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Voltage sensor movements.
Diabetes OD > Diabetic Complications > Cardiovascular > Calcium > Calcium channel > Journal Article

(Journal Article): Voltage sensor movements.
Bezanilla F (Department of Physiology, David Geffen School of Medicine at University of California at Los Angeles, Los Angeles, CA 90095, USA)
IN: J Gen Physiol 2002; 120(4):465-473
Impact Factor(s) of J Gen Physiol: 5.105 (2004), 5.12 (2003), 5.477 (2001)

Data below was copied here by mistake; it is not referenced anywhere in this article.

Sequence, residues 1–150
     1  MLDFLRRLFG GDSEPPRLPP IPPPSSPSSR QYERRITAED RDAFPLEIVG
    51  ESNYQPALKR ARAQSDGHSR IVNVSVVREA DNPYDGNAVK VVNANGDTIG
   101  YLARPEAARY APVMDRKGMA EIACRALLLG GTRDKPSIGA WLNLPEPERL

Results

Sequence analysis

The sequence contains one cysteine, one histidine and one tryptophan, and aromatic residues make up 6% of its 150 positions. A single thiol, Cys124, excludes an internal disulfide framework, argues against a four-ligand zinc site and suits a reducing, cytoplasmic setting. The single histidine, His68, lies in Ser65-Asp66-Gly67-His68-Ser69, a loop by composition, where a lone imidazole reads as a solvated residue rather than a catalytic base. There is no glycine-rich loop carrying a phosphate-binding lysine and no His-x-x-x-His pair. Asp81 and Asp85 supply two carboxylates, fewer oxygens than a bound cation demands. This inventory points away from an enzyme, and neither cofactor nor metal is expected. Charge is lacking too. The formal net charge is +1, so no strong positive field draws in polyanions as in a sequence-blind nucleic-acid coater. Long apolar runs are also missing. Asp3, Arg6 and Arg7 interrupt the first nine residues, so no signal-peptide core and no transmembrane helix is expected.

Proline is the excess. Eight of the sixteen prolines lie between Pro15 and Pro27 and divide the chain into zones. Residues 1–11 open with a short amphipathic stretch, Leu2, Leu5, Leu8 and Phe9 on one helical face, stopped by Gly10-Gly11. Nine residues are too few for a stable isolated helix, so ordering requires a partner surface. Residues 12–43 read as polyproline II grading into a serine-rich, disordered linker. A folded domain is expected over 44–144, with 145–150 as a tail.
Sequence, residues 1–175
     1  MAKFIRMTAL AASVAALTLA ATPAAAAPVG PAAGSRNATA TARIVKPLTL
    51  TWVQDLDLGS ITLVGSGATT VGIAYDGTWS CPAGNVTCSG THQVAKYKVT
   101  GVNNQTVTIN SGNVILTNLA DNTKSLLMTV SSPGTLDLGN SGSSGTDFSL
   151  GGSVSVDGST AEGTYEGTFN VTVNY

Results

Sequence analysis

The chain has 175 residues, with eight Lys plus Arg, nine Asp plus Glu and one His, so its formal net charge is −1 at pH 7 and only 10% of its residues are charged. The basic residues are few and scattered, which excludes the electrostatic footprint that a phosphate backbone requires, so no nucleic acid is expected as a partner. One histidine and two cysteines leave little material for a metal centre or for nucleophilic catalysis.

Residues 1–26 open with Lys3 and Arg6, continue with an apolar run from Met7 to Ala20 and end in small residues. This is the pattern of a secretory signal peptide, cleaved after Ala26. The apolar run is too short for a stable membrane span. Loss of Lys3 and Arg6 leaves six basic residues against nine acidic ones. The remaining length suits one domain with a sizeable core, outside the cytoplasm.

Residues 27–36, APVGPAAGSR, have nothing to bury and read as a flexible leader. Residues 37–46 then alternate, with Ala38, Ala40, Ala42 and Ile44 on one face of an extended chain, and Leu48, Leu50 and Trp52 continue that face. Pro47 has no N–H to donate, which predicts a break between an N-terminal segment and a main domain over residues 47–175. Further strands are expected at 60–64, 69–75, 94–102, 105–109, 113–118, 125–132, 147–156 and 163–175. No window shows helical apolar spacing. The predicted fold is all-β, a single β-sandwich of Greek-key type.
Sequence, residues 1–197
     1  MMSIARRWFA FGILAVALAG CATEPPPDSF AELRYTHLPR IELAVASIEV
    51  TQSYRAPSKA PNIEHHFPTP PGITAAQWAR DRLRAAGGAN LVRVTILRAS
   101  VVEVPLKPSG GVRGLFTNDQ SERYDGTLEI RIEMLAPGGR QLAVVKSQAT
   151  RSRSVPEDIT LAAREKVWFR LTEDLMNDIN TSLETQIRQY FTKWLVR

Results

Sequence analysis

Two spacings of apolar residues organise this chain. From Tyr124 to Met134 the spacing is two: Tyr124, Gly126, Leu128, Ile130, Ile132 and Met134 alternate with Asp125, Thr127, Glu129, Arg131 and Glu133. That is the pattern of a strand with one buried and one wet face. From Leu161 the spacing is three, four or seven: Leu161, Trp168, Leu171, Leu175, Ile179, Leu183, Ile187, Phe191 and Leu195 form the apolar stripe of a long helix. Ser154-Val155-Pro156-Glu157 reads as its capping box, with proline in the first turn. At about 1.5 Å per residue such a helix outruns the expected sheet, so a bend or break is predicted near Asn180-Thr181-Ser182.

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ABSTRACT: The voltage dependence of K+, Na+, and Ca2+ channels is brought about by a voltage sensor that moves 12–13 e0 across the entire electric field (Schoppa et al., 1992; Hirschberg et al., 1996; Noceti et al., 1996). In the case of Shaker K+ channel it is known which residues are responsible for this large amount of gating charge. This was found by measuring the total gating charge movement per channel after each of the putative charged residues (basic or acidic) were neutralized one by one (Aggarwal and MacKinnon, 1996; Seoh et al., 1996). These studies revealed that the four most extracellularly located basic residues of the S4 segment (R362, R365, R368, and R371) and the most intracellular acidic residue in the S2 segment (E293) are the major contributors to the gating charge movement. The simple assumption that all these residues move across the entire electric field accounts for more than the measured total gating charge. This means that the movement of at least some of the charged residues is only partial within the electric field.


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